People tested positive for influenza and RSV had to be hospitalised for the tenth consecutive week in this flu season. The 47th week was the first one when one of the samples showed influenza infection (up at 547 in total by the end of the 5th week). Other pathogens identified between the 40th and 6th week were SARS-CoV-2 (1,036), respiratory syncytial virus (RSV, 111), adenovirus (3), parainfluenza (5), human metapneumovirus (HMPV, 29, and rhinovirus (38).

THERE WERE 343 PEOPLE IN HOSPITAL WITH SARI ON THE 6TH WEEK, VERSUS 291 A WEEK AGO. 7.6% OF THEM WERE TREATED WITH COVID-19, down sharply FROM 20.3% A WEEK EARLIER, WHILE almost a third OF THEM (30.6%) WERE TREATED WITH INFLUENZA, UP FROM 25.3% ON THE 4TH WEEK, and the share of rsv patients edged up to 18.1% from 15.1%.

The graphs below show a comparison with the previous 'flu season'. In 2022/23, there were no reports of people with Covid in hospitals, but that doesn't mean there weren't any (there were 100 on the first week of 2023, so it's a pretty safe bet that not all of them got to that stage overnight).


The second chart depicts the number and share of people infected by influenza virus in hospitals. As you can see (orange columns, light blue curve), this 'flu season' is much worse in this respect than the previous one. The chart starts on the 49th week because that was the first week in this season when someone infected with influenza virus had to be hospitalised.


We have the same graph for respiratory syncytial virus (RSV), which shows that this infection was more severe in the previous 'flu season', although both the number of RSV infections and related hospitalisations did pick up on the sixth week of 2024.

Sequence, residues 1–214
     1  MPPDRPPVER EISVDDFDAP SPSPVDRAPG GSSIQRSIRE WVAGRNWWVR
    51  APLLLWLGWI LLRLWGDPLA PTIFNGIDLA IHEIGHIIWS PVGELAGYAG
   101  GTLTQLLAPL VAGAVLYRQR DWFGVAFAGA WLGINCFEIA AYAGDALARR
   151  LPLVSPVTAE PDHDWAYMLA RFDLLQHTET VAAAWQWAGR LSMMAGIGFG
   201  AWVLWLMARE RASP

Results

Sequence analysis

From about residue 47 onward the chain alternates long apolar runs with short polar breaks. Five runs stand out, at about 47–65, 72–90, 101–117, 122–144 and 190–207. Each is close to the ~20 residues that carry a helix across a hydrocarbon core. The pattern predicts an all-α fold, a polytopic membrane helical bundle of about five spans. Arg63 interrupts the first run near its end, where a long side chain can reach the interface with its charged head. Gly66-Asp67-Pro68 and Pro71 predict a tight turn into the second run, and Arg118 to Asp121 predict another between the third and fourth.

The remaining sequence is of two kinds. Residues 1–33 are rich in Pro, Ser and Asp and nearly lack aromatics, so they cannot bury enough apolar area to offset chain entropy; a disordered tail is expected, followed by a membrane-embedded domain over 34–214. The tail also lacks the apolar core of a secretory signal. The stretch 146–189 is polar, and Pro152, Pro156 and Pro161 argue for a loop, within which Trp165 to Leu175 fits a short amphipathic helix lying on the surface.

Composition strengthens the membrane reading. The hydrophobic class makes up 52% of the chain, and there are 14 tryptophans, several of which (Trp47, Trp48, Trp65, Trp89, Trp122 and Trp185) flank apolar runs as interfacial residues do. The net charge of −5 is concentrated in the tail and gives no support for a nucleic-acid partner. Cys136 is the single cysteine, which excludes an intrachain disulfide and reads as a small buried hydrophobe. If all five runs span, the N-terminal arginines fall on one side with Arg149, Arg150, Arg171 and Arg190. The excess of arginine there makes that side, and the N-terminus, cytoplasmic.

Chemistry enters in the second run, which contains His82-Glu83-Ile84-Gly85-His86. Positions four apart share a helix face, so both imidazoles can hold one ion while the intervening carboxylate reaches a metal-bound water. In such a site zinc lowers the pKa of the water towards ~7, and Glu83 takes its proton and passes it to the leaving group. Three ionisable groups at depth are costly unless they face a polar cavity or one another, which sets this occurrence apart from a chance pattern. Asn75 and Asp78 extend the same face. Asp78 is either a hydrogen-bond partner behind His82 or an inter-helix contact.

Another important indicator of the severity of an epidemic is how many of those hospitalised end up in the intensive care unit.

As mentioned above, there were 343 people with SARI in hospital on the week under review, up from 291 a week earlier. 43 of them were in the ICU, which corresponds to a 12.5% ratio, which figures compare with 35 (12.0%) a week earlier.


35.9% of those hospitalised with SARI were children aged 2 years or younger (up from 30.2% a week ago), while 33.5% of them were aged 60 and over (down from 39.5% on the 5th week). For the first time in this flu season, both the number and share of children aged 2 years or younger in hospital with SARI came in higher than the corresponding figures for those 60 and over.

The COVID-19 vaccination coverage of Hungarians aged 60 and older is dramatically low even by European standards, the latest update by the  European Centre for Disease Prevention and Control (ECDC) shows.


Half of those with SARI are children

Finally, we have an age breakdown both for SARI and flu patients. Children up to the age of 14 are on top of the SARI age rankings in terms of numbers, and for the fourth time this season they are also on top in the flu rankings, while the second hardest-hit cluster is the 15-34 age group. The right-hand charts show the share of people with SARI and flu-like symptoms by age group.

Looking back on the 2022/23 data we find that the 0-14 age group was the hardest hit throughout the flu season in terms of SARI, while in terms of flu-like symptoms they were the most affected age group between the 3rd and the 15th week of this year, i.e. from mid-January to mid-April.

On the 6th week this year, more than 147,000 children sought medical help with SARI, half of all people that turned to the doctor with some respiratory infection. They also stand out when it comes to flu-like symptoms (40% of all), with their number up at nearly 24,000 from over 19,000 a week ago.


Cover photo: Getty Images